Send Safin, Roddick, Hewitt, Nadal, or anyone else to the Alps and Have Juliette:kiss: show them what the Life on Grass is like!!!

:woohoo: :woohoo: :woohoo:

RogiFan88
06-12-2005, 06:40 PM
Going into Wimby, Rogi is 51-3!

RogiFan88
06-12-2005, 06:40 PM
Federer wins 20th straight ATP final
Associated Press
6/12/2005 10:52:21 AM

HALLE, Germany (AP) - Roger Federer figured Sunday's final against Australian Open champion Marat Safin would be a lot easier than it turned out to be.

Safin makes no secret of his dislike for grass courts, where he has recorded some terrible results, but he surprised the top-ranked Swiss with one of his best matches ever on the surface in a 6-4, 6-7 (6), 6-4 loss at the Gerry Weber Open.

"It was difficult, tougher than I thought against Marat on grass, which isn't exactly his favourite surface," Federer said. "But I feel great, it's exactly how I want to feel heading into Wimbledon."

Federer, who also won the last two tournaments at Halle, captured his 20th straight ATP final and 29th straight match on grass. He will be looking for his third straight title at Wimbledon, which starts June 20.

Sunday's win, which was worth $116,000 US, was his 29th career title.

"My 29th title and my 29th win on grass - that fits perfectly," Federer said. "It's a shame I don't get a chance to celebrate, but everything has to take a back seat to tennis."

The two players traded early breaks in the first set, the only time the second-seeded Russian would accomplish that against Federer. Then Safin threw away the set at 5-4 with two forehands that sailed long.

Federer jumped for joy at the end of the two-hour match against Safin, who repeatedly slammed his racket and screamed at the referee as he wasted several chances to break Federer's serve.

"But it was still a great match," Safin said. "I don't know the last time I played such great tennis. It was probably my best match ever on grass."

Each time the fifth-ranked Russian had a chance to break serve on the fast grass court, Federer responded with a hard serve or volley in a match that had 10,000 spectators cheering on a centre court built to be an exact replica of Wimbledon.

The Swiss star's last loss on grass was in June 2002 against Mario Ancic of Croatia in the first round at Wimbledon. Sweden's Bjorn Borg holds the record for consecutive grass wins in the Open era with 41.

Federer's finals streak started in Vienna in 2003, and his record this year is 51-3.

The 6-foot-4 Safin said it's a disadvantage to play on grass being so tall. The two-time Grand Slam winner, who also owns the 2000 U.S. Open title, reached the quarter-finals at Wimbledon in 2001, but hasn't lasted beyond the second round in four other appearances.

"I hope to do well at Wimbledon," Safin said. "I played the best player in the world and I came close to beating him. You have to believe in yourself on grass."

The Russian had never reached a grass final before.

Safin, who will see a doctor Monday about a left knee injury that has plagued him for two months, said he is considering skipping Russia's next Davis Cup tie, which starts two weeks after Wimbledon.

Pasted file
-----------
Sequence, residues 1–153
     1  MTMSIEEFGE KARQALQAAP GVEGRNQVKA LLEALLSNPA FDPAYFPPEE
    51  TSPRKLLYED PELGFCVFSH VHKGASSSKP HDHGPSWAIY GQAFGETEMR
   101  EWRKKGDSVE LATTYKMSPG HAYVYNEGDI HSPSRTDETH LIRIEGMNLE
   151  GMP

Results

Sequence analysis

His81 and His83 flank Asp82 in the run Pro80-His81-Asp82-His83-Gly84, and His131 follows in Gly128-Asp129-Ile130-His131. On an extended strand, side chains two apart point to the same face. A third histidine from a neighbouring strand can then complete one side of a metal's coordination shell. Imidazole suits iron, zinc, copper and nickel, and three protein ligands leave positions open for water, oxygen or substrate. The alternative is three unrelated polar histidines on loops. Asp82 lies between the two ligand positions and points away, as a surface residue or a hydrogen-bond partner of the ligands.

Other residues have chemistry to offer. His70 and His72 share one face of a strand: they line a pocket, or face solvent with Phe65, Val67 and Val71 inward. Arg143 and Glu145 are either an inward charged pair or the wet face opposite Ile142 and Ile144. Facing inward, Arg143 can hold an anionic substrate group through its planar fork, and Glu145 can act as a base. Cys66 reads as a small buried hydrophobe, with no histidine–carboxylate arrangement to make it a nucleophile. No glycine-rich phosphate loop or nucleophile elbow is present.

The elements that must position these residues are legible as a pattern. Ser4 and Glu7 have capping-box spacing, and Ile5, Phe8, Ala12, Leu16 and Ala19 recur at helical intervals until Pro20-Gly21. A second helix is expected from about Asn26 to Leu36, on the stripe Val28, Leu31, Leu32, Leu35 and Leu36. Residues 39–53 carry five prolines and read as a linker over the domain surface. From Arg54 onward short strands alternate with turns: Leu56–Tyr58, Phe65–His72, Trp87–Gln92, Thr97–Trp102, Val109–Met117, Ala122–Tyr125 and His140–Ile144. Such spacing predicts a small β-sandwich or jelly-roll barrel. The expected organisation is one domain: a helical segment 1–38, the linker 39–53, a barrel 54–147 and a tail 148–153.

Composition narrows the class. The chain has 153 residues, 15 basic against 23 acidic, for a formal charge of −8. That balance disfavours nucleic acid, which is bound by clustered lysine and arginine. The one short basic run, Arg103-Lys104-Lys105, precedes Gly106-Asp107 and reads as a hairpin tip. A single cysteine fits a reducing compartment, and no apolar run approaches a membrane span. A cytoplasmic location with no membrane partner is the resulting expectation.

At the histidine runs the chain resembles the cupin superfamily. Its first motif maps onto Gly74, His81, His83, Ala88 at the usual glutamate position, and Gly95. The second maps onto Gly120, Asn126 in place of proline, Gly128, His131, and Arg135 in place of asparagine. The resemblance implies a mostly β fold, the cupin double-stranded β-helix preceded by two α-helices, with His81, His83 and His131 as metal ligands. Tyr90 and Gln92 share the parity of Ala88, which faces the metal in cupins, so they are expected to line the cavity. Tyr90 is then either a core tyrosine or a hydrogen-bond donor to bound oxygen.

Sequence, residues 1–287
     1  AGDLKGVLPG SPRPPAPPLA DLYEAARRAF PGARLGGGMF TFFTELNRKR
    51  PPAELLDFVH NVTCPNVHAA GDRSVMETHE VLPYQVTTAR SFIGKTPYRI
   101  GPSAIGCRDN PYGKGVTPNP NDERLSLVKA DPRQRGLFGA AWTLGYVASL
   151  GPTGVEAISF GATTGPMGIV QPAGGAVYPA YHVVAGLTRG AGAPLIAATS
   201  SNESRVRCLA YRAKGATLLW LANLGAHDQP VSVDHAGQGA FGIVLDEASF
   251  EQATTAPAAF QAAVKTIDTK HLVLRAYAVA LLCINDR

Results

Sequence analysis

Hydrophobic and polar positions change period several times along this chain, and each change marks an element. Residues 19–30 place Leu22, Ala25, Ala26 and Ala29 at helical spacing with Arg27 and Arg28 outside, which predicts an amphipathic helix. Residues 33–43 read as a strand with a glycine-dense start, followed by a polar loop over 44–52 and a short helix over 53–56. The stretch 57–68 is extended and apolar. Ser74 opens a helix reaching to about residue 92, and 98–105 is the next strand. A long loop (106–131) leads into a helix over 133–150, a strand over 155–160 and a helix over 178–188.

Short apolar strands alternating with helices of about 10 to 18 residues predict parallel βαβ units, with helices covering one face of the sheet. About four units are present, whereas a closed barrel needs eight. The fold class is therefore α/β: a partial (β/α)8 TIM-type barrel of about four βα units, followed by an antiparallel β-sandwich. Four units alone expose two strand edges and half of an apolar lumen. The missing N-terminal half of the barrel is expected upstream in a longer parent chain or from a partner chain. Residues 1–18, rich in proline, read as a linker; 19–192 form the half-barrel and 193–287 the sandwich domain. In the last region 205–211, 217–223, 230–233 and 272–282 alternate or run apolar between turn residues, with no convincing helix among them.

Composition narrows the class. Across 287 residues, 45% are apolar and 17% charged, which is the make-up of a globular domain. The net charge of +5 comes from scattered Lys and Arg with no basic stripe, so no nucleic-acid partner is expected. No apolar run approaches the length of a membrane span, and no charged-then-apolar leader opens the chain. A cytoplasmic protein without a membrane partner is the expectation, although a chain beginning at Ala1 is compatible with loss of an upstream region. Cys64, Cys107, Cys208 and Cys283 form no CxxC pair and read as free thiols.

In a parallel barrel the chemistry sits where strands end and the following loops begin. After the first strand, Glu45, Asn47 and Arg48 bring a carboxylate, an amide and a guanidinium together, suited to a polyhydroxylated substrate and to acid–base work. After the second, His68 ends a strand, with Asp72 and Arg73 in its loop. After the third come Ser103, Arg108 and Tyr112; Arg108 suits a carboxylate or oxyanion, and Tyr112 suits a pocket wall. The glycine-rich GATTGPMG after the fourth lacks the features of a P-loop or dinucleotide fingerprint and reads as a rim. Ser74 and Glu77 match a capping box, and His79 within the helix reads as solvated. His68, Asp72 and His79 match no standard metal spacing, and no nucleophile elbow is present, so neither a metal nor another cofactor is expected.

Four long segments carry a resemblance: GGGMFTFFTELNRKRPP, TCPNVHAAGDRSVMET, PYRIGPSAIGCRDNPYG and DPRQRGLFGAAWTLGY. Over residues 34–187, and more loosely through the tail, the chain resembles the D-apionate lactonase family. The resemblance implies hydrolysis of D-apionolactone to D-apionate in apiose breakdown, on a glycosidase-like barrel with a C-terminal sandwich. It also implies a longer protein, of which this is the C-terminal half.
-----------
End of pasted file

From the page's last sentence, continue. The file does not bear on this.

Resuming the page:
http://www.tsn.ca/tennis/news_story.asp?ID=127738&hubName=tennis

I see that Marat has changed his view on grass...

Nathy
06-12-2005, 07:03 PM
the youngest No 1 ever, Hewitt concedes that second-best "sticks in the throat a little bit," but insists, "Right now Roger is the No 1 player and there's no point in saying I am when I'm not." However, Hewitt wants to get one thing straight: "That doesn't mean I'm playing worse than when I was No 1. It's just that Roger has taken the game to a new level. You've got to try and keep working on your game, try to become a better player. When you look at [Andre] Agassi and see he has been in the top five, top 10, for so many years when the game keeps getting better and better, it is pretty amazing."


Gooooood Booooooy :yeah:

Shabazza
06-12-2005, 09:37 PM
nice interviews RogiFan :)

Art&Soul
06-13-2005, 01:31 AM
ALezzzzzzzzzzzzzzzz ROGI, go for hat-trick Wimbledon!!!!!!!!!!!!!!! :angel:

RogiFan88
06-13-2005, 02:45 AM
June 13, 2005
Federer returns to SW19 with restored confidence
From Chris Bowers in Halle, Germany

IF THERE were any doubts at the end of last week that Roger Federer was not quite the same force that won Wimbledon in the past two years, the 23-year-old Swiss banished them with a superb display in a Gerry Weber Open blessed with tennis of the highest quality.
Federer’s 6-4, 6-7, 6-4 triumph over Marat Safin is of lower profile than the last two matches the men played — Safin’s five-set victory in the Australian Open semi-finals and Federer’s win on a 20-18 tie-break at November’s Tennis Masters Cup — but the quality was at times every bit as good.

Three successive points at the beginning of the second set would have graced any DVD collection of the most exquisite rallies, as would countless others. The players clearly bring out the best in each other, but, in their first match on grass, the force always seemed to lie with Federer at the crucial moments.

“Marat returns very well and serves well on any surface, and that’s why he’s so dangerous,” Federer said. “You saw it on the serve, how much pace he gets and it makes it hard to return. I really thought I did a good job today. It’s been a good performance all week long, and that’s what you want to feel heading in to Wimbledon.”

After ten minutes Safin could have been forgiven for aiming solely to avoid defeat within the hour. Federer’s 3-0 lead was a mini-masterclass, but a loose service game at 3-1 allowed Safin to break back, only for the Russian to play two loose points at 5-4 down that gave Federer the set.

When Federer got embroiled in a long chat with Romano Grillotti, the umpire, at 3-3 in the second set, Safin was getting under the world No 1’s skin. Yet the four break points the Russian had in the second set all went begging, and he eventually took the set on an 8-6 tie-break.

It was Safin who used up his nervous energy in conversation with Grillotti at the beginning of the third set, and Federer seized on the distraction to break for 2-1. Safin was returning sufficiently well for the match to be far from over, but Federer, whose serving was vastly better from earlier in the week, never gave Safin the sniff of a break point and the Swiss won his third successive Halle title as a backhand from Safin drifted long.